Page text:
Medill Reports | Ald. Fioretti: City Council bond vote puts Chicago on the ‘real road to Detroit’
TUA President Jim Tobin was quoted about Chicago debt in Northwestern University’s Medill Reports.
Despite Chicago’s debt being among the worst in the nation, the City Council voted Wednesday to allow the city to issue bonds up to $900 million and authorized borrowing another $1 billion for Midway Airport.
The measure passed without discussion, with only Ald. Scott Waguespack (32nd), Ald. Bob Fioretti (2nd), Ald. Brendan Reilly (42nd) and Ald. John Arena (45th) voting no.
This action comes less than a year after Moody’s downgraded Chicago’s credit rating by three notches.
Fioretti said he voted no for two reasons: a lack of transparency in the proceedings and his feeling the council was “kicking the can down the road.”
Fioretti, who is not a member of the finance committee, attended Monday’s meeting and said, although he asked questions, he learned little about the plan.
“This is The Parking Meter: 2,” Fioretti said, referring to former Mayor Richard Daley’s controversial lease of the city’s parking meters to Chicago Parking Meters, LLC. The lease was widely criticized for its lack of transparency.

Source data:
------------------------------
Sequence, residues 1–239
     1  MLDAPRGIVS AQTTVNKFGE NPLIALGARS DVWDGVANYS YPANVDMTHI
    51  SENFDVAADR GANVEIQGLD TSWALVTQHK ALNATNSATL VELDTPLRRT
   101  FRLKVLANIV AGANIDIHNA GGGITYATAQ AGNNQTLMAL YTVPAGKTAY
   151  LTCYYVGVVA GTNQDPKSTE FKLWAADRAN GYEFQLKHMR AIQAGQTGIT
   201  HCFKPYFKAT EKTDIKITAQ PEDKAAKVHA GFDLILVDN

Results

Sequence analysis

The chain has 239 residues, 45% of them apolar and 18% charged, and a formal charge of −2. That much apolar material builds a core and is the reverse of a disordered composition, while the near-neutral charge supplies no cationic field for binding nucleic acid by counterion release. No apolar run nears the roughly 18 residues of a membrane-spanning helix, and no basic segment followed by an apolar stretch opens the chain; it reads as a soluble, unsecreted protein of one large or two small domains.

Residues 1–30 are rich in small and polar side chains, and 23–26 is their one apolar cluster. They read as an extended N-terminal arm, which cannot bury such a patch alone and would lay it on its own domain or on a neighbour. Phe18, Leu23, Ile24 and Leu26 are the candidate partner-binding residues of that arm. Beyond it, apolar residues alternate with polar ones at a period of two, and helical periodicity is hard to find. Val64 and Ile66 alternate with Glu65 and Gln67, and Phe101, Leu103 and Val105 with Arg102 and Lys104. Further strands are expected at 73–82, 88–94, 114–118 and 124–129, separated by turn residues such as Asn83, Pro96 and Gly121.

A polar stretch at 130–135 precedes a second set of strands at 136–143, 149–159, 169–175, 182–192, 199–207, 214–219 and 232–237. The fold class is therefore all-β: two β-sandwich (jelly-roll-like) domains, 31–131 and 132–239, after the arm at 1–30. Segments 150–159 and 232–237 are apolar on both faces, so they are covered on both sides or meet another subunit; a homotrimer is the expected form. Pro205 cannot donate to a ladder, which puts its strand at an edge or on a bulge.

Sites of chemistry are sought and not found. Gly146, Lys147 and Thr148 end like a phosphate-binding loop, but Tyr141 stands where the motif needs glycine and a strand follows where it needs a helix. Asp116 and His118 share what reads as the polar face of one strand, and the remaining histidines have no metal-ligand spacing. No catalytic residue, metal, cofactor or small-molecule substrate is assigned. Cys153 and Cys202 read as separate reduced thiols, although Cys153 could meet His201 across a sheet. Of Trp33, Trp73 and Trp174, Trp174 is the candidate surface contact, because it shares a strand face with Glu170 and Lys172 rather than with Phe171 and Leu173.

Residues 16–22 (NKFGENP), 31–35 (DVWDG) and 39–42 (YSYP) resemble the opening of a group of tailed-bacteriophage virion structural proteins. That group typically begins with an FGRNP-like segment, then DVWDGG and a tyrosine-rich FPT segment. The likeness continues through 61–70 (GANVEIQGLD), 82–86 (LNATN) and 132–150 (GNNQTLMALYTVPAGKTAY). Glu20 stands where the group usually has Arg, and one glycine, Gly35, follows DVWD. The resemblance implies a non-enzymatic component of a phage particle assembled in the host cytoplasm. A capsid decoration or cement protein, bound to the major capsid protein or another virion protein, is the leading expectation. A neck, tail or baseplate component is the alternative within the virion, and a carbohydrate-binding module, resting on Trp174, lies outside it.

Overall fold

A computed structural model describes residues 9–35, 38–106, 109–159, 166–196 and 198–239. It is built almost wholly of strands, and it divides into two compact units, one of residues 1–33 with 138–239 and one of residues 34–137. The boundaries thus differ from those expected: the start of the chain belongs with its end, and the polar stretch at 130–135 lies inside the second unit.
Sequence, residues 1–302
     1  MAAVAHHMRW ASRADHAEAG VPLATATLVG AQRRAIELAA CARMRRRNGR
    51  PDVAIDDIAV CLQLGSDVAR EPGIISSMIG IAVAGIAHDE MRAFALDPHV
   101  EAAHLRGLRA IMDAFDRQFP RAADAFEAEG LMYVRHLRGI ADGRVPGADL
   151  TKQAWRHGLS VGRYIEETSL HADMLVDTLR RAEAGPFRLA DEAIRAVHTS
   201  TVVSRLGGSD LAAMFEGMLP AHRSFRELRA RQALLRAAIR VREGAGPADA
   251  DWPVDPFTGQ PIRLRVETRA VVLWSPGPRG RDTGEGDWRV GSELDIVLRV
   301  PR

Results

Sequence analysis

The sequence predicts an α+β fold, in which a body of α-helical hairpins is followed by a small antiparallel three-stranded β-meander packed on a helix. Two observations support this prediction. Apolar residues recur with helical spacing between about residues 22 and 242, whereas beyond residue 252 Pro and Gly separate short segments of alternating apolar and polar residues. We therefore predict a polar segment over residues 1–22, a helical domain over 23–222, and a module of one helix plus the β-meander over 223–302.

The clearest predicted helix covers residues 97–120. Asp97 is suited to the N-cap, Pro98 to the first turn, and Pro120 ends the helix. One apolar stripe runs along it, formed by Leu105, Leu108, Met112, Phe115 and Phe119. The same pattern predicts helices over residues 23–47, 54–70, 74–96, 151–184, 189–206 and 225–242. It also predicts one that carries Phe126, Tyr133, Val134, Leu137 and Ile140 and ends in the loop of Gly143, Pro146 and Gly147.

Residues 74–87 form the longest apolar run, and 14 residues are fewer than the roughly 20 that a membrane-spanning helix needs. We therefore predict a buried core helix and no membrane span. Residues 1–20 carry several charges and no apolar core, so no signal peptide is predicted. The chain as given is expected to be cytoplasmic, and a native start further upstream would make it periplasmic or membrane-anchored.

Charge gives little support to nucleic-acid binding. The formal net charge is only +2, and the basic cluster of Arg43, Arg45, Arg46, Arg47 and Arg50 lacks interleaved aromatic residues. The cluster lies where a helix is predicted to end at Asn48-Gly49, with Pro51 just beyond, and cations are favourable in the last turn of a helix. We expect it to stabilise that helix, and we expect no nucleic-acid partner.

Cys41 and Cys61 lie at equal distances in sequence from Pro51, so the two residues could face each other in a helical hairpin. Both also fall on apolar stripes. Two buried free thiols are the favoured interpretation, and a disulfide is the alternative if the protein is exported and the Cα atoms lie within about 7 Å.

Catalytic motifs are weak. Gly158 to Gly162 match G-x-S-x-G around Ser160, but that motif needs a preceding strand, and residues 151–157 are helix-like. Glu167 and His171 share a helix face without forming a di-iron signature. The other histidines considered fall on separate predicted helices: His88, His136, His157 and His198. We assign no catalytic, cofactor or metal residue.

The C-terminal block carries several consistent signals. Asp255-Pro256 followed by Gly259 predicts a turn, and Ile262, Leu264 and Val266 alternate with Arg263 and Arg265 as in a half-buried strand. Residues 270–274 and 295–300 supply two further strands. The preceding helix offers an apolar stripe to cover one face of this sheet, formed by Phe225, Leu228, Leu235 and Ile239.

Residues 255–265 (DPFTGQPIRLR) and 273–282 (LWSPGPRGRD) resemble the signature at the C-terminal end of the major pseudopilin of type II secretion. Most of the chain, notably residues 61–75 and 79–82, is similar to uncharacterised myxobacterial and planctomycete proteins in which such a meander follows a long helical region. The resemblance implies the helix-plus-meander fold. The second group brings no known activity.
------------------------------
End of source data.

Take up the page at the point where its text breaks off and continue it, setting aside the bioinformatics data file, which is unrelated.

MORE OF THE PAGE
Fioretti said Chicago is headed in a dangerous direction and faults fellow aldermen for refusing acknowledge the problem.
“Nobody wants to discuss the real road to Detroit that we are on at this point,” he said.
Sarah Wetmore, vice president and research director of the Civic Federation, wrote in an email that it is important to distinguish between the kinds of debt the city issues.
The portion of the debt the city said will be used for safety-related building repairs is necessary, she wrote, to keep government infrastructure sound.
About $120 million of the $900 million would be used to push debt to future years, according to Wetmore.
“The unsustainable savings have helped balance the city’s current year operating budgets, but they also greatly increase the city’s long-term obligations,” she wrote. “The city must find a more sustainable way to address the growing gap between its spending and available revenues.”
Wetmore warned of dire consequences if they city cannot curtail its spending and continues to rack up debt.
“It will be forced to choose between a significant increase in the property tax, crippling cuts to city services or some combination of both,” she wrote.
Finally, Wetmore wrote, the city’s credit rating could be hurt by the amassed debt, which would make borrowing in the future more expensive and possibly limit borrowing opportunities.
Some were more forceful in their criticism.
Jim Tobin, president of Taxpayers United of America, said the law is “horrible.”
Tobin said the action amounts to the council “stealing the peoples money. They should all be thrown from office.”
The law is pushing financial obligations onto future generations and making them responsible for “lavish, gold-plated pensions,” Tobin said.